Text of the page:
Kiddie tax rules revamped under tax reform

Your Guide to State, Local, Federal, Estate + International Taxation

kiddie tax, tax reformTax professionals are busy scrutinizing the Tax Cuts and Jobs Act (TCJA) and discussing many of the important changes with their clients. One significant but rarely discussed provision of the new bill is the revamp of the kiddie tax rules.

Kiddie tax applies to the special rules on net unearned income of children under the age of 19 (full-time students under 24). Currently, the kiddie tax calculation is a multifaceted undertaking that involves adding the net unearned income of the child to the parent’s income and that of any siblings. The parent’s tax rate is determined based on this calculation and then applied to the child’s net unearned income.

TCJA has a provision for the “simplification” of tax on unearned income of children by effectively applying ordinary and capital rates applicable to trusts and estates. Simplification? Yes. Better? Umm, that depends. The tax brackets for trusts and estates are the absolute worst. The top tax bracket of 37% begins at just $12,500 of taxable income.

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Under the new tax brackets, the parent’s taxable income would have to be over $600,000 (married filing jointly) to reach the highest rate. For high-income individuals, this change will have little or no impact since they would be subject to the highest tax rate anyways. For those who may find themselves in a lower tax bracket, this provision may change their tax planning strategy for the distribution of wealth to their children.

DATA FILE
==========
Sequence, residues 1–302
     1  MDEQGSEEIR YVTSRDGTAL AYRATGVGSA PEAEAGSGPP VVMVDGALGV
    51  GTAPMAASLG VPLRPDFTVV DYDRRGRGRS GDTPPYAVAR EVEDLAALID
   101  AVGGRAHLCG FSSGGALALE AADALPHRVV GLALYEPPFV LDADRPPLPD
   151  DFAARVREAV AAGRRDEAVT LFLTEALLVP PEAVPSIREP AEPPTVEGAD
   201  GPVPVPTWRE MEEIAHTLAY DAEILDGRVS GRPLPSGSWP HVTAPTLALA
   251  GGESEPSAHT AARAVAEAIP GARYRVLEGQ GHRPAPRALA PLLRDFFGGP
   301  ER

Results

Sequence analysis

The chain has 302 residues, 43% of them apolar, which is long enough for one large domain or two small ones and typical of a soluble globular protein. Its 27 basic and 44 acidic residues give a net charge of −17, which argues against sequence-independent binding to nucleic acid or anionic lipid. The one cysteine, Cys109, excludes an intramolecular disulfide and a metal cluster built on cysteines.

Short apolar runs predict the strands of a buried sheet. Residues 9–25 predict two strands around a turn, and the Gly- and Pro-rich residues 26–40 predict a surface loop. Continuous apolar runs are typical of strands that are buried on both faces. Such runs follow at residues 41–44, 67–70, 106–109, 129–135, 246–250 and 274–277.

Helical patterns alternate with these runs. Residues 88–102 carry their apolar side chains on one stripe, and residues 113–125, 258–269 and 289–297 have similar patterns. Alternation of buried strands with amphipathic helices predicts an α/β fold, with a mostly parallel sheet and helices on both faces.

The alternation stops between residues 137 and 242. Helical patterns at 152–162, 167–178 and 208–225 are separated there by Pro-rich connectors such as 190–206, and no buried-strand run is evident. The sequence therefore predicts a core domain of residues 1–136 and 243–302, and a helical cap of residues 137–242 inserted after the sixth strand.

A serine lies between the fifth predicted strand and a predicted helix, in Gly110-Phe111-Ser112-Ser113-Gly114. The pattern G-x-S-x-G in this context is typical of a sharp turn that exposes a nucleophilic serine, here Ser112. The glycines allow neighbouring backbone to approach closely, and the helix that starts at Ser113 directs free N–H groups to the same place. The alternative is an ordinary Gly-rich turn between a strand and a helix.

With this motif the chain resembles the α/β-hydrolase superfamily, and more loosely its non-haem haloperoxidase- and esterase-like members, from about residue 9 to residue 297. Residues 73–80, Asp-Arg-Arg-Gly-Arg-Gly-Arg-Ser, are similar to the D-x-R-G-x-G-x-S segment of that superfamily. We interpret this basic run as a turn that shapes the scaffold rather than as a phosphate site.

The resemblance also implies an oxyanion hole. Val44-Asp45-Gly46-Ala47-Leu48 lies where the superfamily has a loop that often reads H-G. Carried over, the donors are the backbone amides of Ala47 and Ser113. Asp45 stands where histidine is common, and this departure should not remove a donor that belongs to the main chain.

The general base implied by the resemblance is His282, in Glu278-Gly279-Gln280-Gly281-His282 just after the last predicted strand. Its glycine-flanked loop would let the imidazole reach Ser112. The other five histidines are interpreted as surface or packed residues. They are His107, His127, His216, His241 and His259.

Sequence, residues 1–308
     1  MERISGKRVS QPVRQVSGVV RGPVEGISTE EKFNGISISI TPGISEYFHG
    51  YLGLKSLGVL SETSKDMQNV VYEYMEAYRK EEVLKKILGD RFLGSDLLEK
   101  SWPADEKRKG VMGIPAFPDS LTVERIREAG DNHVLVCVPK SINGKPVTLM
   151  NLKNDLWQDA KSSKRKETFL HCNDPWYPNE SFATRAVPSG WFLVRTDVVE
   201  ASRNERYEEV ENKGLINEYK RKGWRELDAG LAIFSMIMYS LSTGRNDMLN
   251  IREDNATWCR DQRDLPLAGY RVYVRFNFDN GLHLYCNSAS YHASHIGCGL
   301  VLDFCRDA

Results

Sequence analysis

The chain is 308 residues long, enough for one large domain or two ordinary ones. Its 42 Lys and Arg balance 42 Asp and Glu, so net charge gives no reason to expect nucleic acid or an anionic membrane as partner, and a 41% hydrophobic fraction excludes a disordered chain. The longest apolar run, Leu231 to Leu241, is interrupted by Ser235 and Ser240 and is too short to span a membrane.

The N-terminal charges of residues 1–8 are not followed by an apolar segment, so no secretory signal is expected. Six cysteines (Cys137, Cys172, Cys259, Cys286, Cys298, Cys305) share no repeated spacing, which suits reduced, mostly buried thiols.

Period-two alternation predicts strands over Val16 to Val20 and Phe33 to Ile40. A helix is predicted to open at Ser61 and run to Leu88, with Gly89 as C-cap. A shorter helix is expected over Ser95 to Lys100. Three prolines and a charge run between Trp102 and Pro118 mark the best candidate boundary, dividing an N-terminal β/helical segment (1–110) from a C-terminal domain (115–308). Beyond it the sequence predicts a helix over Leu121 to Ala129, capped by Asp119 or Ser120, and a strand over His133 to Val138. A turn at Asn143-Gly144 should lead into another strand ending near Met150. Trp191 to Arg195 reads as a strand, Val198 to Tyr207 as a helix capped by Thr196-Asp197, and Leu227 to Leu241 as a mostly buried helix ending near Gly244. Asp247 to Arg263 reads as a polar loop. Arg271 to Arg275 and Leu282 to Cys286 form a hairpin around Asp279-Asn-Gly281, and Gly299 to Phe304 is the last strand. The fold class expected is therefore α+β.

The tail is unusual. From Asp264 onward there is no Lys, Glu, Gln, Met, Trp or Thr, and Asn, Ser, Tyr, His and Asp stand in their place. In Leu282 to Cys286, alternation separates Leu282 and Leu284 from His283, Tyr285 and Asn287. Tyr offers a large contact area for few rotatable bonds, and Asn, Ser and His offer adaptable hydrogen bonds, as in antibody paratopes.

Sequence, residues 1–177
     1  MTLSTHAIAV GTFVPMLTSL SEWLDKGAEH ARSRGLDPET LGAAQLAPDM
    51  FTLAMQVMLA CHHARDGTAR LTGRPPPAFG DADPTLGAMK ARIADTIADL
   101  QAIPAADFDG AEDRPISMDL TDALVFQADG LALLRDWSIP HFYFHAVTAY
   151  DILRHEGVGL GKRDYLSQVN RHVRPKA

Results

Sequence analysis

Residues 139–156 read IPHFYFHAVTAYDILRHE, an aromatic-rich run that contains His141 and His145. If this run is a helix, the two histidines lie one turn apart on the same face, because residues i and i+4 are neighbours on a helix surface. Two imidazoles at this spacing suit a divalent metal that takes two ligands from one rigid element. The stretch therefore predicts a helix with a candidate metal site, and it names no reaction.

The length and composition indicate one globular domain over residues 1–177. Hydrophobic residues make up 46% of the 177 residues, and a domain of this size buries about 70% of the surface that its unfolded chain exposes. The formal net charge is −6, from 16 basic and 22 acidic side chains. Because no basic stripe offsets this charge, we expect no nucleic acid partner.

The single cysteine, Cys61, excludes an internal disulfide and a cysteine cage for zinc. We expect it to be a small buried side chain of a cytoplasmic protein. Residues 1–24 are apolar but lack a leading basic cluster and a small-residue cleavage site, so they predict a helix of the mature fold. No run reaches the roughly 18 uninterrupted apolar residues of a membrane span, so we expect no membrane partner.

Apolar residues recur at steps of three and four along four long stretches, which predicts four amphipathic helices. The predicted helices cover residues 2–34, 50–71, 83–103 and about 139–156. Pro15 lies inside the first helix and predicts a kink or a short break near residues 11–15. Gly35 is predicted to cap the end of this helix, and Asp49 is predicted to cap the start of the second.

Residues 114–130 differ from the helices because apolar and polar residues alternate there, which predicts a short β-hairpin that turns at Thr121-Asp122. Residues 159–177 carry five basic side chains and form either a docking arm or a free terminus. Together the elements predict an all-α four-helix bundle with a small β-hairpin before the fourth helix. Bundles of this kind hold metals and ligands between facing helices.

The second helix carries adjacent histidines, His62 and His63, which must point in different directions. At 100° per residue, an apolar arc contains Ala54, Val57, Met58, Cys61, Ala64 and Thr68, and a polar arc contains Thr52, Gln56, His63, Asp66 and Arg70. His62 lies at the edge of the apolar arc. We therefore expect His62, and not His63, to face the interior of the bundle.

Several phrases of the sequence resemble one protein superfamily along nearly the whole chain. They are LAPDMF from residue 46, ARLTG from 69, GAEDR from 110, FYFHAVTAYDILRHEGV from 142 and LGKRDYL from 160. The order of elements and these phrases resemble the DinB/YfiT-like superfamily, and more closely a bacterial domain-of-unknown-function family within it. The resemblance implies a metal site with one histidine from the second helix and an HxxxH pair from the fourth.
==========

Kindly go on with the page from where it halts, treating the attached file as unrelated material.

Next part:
The positive aspect of this provision is that trusts and estates have four tax brackets that range from 10% to 37%. The child’s net unearned income will be tax at graduated rates instead of at the parent’s marginal rate. The first $2,550 will be taxed at only 10% with the next $6,600 being taxed at 24% and so on until reaching $12,500 at the highest rate.

A child would have to have substantial investments to have net unearned income significant enough to reach the highest tax rate. It’s more likely that a child subject to the kiddie tax would find themselves in the lower portion of the trust and estate tax brackets. Taxpayers should consult their tax professionals to see where they find themselves on this issue.

Stacy Redmond, CPA